Twelve years has passed since a young, cocky freshman named Devon Miles showed up at fictional Atlanta A&T University to be part of their marching band. That’s the set up of 2002’s cult hit Drumline, which starred Nick Cannon as the main character. Now, in real time both on screen and off, the character and actor are back for Drumline: A New Beat. Cannon is a producer and has a small role in the TV sequel, which follows the Atlanta A&T bands latest crop of students, now lead by star of the first film, Leonard Roberts.
We’ve seen a few clips from the film, but with the premiere coming up in less than a week, a full trailer is now out. Check out the full Drumline 2 trailer below. Read More »
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Here’s a secret about me: If Drumline is ever on TV, I can’t turn it off. It’s an unabashedly light, funny, college movie that mixes music, partying and the charisma of young Nick Cannon and Zoe Saldana. It wasn’t a huge box office hit when it was released in 2002, but subsequent DVD and cable availability has given it a large cult following. And while over a decade has passed since the original, which suggests Cannon’s character would be way past graduation at this point, that doesn’t mean the story can’t continue.
That’s exactly what’s going to happen. Cannon himself is producing and will co-star in Drumline: A New Beat, which will air exclusively on VH1. Read More »
Posted on Thursday, November 15th, 2012 by Angie Han
“Everyone wants to do sequels,” says Chris Tucker. Indeed. After the jump:
- Dawn of the Planet of the Apes gets a plot summary, will shoot in March
- Keith Richards may return to the Pirates of the Caribbean series
- Chris Tucker is interested in Rush Hour 4, not so much Friday 4
- Nick Cannon talks up his plans for a Drumline sequel and TV series
- Isla Fisher signs on for the kinda-sorta Jackie Brown sequel Switch
- Transformers 4 explores Bangkok as a potential shooting location
- The Last Exorcism Part II gets picked up by CBS Films; see a new image
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It’s a crazy, mixed up world and we are thankful for movies, sans New Moon, that offer proof. Weekend Weirdness cocks its disoriented, nappy head to examine such flicks, whether it’s a new trailer for a provocative indie, a review, or news of an excavated cult classic. The works discussed herein tend to make cinema a little more interesting, and in the best and worst cases do the same for life. In this installment: Final Flesh is a real life Videodrome with porn actors from the co-creator of Wonder Showzen; Dirty is the forthcoming, surprisingly solid doc on the late Wu-Tang Clan rapper Ol’ Dirty Bastard; [adult swim]’s Aqua Teen Hunger Force plops out a spicy Meatwad of a Xmas album, and more, G. The “G” is courtesy Nic Cage’s bad lieutenant.
Nearly a decade after he worked as a writer for Late Night with Conan O’Brien, the career of Vernon Chatman continues its fascinating flush-parade down and around comedy’s perverse bowels. With a new film, Final Flesh, he subverts the acting prowess of real life porno D-listers to match the success of his respected twists on tween teevee (MTV’s Wonder Showzen) and low-rent, fantasy animation (Xavier: Renegade Angel). The irony is that even though the DVD for Final Flesh arrived at my door with a tie-in golden condom packet filled with antibacterial lotion, Chatman ostensibly kept his hands clean of the filth. Flesh is what resulted after he commissioned four online companies that produce adult movies from scripts submitted by paying customers. Instead of sending the companies various scenarios too obscene for Roller Girl, Chatman’s screenplays mostly ditch sex in favor of a murky end days subplot complete with an Atomic Bomb.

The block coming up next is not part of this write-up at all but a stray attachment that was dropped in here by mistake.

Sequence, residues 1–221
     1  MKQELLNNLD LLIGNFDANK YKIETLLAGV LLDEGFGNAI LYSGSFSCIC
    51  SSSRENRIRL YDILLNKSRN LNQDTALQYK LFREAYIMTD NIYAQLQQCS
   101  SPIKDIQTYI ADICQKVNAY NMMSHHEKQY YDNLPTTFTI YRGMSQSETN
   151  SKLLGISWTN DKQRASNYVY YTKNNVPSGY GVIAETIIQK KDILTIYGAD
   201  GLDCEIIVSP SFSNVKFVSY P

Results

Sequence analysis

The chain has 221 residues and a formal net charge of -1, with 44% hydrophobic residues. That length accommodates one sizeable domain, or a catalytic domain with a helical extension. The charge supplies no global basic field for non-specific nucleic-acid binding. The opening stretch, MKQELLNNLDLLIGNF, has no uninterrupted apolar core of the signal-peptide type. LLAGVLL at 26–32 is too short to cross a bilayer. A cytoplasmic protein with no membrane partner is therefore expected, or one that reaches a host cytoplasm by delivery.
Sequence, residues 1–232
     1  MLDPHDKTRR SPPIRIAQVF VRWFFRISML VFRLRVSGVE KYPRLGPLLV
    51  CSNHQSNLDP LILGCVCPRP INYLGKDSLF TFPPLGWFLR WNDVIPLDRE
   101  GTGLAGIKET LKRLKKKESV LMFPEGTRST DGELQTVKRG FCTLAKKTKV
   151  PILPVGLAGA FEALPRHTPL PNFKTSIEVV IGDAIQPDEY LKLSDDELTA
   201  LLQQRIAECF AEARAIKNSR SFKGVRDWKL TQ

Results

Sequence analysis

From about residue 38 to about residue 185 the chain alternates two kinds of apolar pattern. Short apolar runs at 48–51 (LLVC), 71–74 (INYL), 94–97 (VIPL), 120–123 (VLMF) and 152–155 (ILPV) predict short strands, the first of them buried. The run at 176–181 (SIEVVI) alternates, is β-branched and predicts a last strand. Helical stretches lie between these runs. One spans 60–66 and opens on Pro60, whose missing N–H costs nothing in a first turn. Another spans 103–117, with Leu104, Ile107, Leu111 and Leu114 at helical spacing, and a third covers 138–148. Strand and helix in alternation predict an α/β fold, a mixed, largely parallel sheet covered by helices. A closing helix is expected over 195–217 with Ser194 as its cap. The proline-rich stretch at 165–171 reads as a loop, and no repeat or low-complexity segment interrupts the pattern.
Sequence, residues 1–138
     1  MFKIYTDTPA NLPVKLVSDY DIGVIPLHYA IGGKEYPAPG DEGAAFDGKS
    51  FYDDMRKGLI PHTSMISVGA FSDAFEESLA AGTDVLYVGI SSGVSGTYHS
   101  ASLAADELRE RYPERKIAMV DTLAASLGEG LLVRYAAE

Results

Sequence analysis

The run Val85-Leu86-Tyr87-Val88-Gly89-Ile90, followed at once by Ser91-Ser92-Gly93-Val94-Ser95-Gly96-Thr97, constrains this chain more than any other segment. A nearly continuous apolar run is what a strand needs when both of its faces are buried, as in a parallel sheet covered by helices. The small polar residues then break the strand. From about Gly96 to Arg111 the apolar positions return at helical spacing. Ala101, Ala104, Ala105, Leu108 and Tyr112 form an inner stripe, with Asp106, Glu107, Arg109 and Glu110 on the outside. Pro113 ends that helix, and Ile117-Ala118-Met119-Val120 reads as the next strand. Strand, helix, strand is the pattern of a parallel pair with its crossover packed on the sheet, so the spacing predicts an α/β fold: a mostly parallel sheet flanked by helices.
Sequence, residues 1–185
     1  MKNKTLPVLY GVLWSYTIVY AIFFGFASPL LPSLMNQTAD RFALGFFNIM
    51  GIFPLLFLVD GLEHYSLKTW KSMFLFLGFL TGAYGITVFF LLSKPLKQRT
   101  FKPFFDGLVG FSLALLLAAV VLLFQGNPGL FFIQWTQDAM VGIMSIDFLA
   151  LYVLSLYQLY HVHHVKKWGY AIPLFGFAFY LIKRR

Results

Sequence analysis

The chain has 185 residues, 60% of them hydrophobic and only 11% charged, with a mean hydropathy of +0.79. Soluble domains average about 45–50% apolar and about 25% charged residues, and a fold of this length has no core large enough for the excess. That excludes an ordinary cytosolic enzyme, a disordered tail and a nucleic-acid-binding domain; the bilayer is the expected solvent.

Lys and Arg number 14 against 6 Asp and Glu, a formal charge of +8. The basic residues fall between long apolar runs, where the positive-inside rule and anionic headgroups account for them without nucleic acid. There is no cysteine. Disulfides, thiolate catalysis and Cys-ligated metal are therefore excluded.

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The Killing Room is part SAW (without the torture porn), part Cube (minus the sci-fi), but with a more psychological edge. The film tells the story of four volunteers who sign up for what initially appears to be a typical paid research study, only to discover that they’ve unwittingly become involved with a classified government program that was said to have been terminated nearly two decades ago. The super classified government program to test the nature and limits of the human psyche. Starring Nick Cannon, Timothy Hutton, Peter Stormare, Chloe Segivny, Shea Whigam and Clea DuVall.
I got a chance to see this film at Sundance this year, and horror director Jonathan Liebesman crafted a nice little minimalist thriller. You can watch an early trailer for the film embedded after the jump. The video quality isn’t perfect (seems like some interlacing issues) but it is very watchable.
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